KXA, await decision which could lead to millions in development at Tournament Capital Ranch in Rayleigh

A decision likely to be made this spring could lead to more than $15-million in development in Rayleigh

The Kamloops Exhibition Association (KXA) is waiting to hear from the Agricultural Land Commission on their application regarding the Tournament Capital Ranch in Rayleigh to allow the lands currently there to be used not just for agricultural uses. The KXA are proposing a $15 to $20 million facility to hold trade shows

By Marty Hastings

Kamloops This Week

A decision likely to be made this spring could lead to more than $15-million in development at the Tournament Capital Ranch in Rayleigh.

“What we’re waiting for is the Agricultural Land Commission,” said Gary Gray, president of the Kamloops Exhibition Association (KXA).

“The application is in front of them, that the city put there, to allow the lands currently there to be used not just for agricultural uses.”

Gray said the City of Kamloops and the KXA have a tentative agreement in place.

“We’re still negotiating with them, but part of the deal that we’ve reached was that we’re [the KXA] going to farm a piece of the site for the city, put it into agricultural production,” Gray said.

“With it, they’ve allocated about 14 hectares of land for a new KXA facility.”

The KXA has plans to erect two or three buildings on its new home site, facilities capable of holding trade, agricultural and rodeo events.

They won’t come cheap, with a price tag of between $15 and $20 million, according to Gray.

“Most of it we’re fundraising,” he said. “At this point, the city hasn’t really committed anything but to help us with operational costs. At this point, it will be somewhat of a private partnership with the city, based on us providing a lot of the funding.

“Part of what we’re doing hinges on the city’s plan for the site,” Gray added. “I know they’ve talked with the rugby club about joint-venturing a banquet-type facility.”

Jeff Putnam, the city’s parks and civic facilities manager, and Byron McCorkell, the city’s director of parks, recreation and cultural services, have been negotiating with the KXA.

In an email to KTW, Putnam said he could not provide details prior to the ALC’s decision.

The city’s parks planning and sustainability supervisor, Michael Doll, confirmed city representatives met with ALC members on Tuesday, Feb. 24, toured the site and answered questions.

“We are now waiting for them to reach a decision on our application, which we are hoping to have this spring,” Doll said.

“That decision will certainly help shape future plans for the Tournament Capital Ranch.”

Gray said Kamloops has been missing out on lucrative opportunities to host agricultural and rodeo events.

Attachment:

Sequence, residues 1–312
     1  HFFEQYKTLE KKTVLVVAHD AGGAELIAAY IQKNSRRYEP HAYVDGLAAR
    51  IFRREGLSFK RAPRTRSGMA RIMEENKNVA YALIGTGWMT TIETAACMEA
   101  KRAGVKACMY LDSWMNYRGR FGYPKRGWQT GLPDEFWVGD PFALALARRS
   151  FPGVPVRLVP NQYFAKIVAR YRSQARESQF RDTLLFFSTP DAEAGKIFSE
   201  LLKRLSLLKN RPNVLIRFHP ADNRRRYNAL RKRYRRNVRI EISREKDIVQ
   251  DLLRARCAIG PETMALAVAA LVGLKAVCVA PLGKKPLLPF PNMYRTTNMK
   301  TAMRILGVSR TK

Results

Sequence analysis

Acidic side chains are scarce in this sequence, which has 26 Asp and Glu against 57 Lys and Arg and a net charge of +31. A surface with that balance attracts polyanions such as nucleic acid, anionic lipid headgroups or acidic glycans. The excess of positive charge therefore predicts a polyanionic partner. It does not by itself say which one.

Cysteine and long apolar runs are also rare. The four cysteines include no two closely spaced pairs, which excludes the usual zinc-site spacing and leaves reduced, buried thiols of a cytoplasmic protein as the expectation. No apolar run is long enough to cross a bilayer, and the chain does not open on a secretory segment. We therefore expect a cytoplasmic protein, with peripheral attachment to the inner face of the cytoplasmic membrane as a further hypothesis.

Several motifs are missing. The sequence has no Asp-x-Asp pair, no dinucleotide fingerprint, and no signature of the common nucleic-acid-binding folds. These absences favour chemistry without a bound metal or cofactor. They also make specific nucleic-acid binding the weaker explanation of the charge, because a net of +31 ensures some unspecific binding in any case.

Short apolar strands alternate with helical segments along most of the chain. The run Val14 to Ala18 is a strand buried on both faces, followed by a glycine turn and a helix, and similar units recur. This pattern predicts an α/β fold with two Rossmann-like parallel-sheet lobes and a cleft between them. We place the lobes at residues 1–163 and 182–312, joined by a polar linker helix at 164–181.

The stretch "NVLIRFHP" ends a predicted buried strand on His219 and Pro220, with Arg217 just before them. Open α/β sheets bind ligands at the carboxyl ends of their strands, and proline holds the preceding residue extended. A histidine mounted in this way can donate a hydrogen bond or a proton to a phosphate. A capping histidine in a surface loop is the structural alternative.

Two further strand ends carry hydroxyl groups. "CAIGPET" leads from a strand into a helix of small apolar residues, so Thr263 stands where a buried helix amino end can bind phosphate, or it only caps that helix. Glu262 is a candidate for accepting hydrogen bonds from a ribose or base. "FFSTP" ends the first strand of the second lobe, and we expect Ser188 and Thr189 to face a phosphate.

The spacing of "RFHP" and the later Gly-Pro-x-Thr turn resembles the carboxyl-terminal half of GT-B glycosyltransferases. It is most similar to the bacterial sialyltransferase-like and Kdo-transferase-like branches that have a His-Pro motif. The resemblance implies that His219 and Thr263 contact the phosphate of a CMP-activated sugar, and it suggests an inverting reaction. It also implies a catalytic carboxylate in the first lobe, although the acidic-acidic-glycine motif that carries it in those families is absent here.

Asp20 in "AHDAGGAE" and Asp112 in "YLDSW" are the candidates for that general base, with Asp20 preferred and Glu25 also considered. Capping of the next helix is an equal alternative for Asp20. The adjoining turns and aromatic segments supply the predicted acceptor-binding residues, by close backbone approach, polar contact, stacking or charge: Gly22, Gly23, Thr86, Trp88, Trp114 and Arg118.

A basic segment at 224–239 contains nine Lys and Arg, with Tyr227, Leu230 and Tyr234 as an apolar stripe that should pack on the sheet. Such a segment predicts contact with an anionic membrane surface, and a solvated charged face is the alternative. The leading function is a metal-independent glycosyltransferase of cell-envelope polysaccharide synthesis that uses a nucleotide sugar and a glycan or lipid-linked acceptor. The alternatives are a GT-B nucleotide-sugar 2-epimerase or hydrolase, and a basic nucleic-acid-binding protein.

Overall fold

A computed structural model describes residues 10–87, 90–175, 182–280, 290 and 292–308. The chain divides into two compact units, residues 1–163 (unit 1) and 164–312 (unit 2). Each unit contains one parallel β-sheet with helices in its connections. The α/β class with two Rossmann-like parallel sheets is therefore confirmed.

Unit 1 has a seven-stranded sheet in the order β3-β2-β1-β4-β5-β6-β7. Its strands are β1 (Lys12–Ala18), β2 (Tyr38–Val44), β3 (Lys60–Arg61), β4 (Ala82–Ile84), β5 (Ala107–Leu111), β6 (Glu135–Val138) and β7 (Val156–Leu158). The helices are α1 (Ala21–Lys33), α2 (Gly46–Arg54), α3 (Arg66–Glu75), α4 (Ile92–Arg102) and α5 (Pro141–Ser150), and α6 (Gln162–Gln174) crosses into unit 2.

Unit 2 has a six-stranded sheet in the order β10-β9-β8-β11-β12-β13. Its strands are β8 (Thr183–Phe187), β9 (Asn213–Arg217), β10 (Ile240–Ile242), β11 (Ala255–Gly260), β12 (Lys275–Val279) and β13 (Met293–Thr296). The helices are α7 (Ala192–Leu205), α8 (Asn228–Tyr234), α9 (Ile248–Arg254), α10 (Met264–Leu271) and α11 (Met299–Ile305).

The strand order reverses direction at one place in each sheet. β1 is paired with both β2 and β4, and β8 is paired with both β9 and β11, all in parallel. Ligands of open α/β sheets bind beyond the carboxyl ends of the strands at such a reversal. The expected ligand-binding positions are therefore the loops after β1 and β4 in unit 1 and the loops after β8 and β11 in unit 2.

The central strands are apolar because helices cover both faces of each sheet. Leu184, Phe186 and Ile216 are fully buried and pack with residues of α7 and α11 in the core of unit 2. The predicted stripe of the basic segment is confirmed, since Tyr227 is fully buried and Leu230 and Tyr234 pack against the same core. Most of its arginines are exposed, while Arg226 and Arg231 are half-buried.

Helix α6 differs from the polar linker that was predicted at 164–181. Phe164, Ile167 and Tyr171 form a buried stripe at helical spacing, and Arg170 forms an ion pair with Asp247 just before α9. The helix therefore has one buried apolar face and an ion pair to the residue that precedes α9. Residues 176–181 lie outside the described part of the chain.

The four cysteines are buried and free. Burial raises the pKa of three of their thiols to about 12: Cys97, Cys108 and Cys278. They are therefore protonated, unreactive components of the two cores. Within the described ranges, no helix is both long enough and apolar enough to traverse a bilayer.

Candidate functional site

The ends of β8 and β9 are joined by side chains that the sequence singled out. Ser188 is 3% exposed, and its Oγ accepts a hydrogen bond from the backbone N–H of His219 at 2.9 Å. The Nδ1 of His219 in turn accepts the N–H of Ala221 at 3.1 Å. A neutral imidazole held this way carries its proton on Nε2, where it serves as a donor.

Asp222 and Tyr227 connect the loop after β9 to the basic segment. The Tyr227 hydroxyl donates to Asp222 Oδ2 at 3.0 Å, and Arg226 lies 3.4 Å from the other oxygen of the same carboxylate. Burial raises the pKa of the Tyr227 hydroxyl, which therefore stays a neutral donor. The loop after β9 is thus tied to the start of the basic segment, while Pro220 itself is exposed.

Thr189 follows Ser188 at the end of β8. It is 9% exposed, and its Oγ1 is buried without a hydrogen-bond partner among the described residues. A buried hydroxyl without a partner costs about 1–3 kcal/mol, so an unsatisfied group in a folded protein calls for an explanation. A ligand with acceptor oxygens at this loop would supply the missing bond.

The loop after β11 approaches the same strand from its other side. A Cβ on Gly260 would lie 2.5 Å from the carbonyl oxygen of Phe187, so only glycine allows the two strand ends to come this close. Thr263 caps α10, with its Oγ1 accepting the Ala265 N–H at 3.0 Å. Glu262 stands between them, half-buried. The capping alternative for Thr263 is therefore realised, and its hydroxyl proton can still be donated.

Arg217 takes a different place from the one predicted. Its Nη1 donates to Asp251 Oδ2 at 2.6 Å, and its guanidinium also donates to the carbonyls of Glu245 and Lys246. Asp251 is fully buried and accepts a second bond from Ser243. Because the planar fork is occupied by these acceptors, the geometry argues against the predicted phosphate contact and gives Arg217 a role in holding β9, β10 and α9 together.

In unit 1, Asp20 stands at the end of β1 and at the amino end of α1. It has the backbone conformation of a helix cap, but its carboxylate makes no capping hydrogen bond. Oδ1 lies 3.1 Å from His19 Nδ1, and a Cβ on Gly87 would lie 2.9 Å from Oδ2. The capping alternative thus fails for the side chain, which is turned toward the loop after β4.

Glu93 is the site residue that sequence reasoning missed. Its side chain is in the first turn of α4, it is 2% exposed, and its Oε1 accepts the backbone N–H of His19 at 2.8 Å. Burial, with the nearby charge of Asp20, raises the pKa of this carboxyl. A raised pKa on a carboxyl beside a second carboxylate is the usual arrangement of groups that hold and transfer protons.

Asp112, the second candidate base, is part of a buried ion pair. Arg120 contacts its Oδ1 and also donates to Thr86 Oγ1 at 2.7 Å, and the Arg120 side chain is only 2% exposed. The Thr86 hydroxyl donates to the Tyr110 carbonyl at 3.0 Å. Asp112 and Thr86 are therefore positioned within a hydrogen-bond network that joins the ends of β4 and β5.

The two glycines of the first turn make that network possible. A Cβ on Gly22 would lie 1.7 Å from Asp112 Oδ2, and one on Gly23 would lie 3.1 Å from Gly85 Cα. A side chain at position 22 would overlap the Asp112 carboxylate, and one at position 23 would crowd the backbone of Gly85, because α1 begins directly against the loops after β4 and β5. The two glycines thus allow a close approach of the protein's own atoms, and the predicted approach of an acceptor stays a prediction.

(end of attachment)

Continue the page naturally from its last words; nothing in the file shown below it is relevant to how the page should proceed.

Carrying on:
The KXA and its former landlord, the Tk’emlups Indian Band, became embroiled in a financial dispute and, late in 2011, the band took over the Mount Paul Industrial Park land, leaving the KXA without a home.

Gray gave examples of events that could be held in the Tournament Capital, including the Interior Logging Association convention, which moved to Vernon, and the Provincial Winter Fair, now held in Barriere.

“They’re telling us, ‘If you build it, we will come,’” Gray said. “We’ve had lots of interest from national events. The city’s missing out on multiple events because we don’t have the facilities to host it.”

The B.C. High School Rodeo Association (BCHSRA) is lobbying for the 2016 Canadian High School Rodeo finals.

“They’re in Nanton (Alta.) and their three-year term is up and it’s open for bids,” BCHSRA director Pat Kerr said. “It’s pie-in-the-sky at this point, but we would really like to host in July of 2016.”

The BCHSRA plans to hold the provincial high school rodeo championships at the ranch in June, either with the ALC’s blessing or with a temporary permit.

“The Kamloops and District High School Rodeo club has been going to Deadman Creek for eight years because we had nowhere to go,” Kerr said.

Concern has been expressed about more development at the TCR.

In a letter to the city, Kamloops resident Keith Corrigan wrote: “It concerns us that there may be an underlying agenda to turn this land over for rodeo and other heavy recreational use that could change the agricultural capacity profoundly.

“Further plans for a water park and so on have other ramifications not just to the land, but the watershed . . . draining into the North Thompson River from which we source our household water.”

What happens next depends on the ALC’s decision.

“We’re waiting on the ALC to give the city formal approval to go ahead,” Gray said.

“Once they have that, we’ll sign a multi-year lease.”


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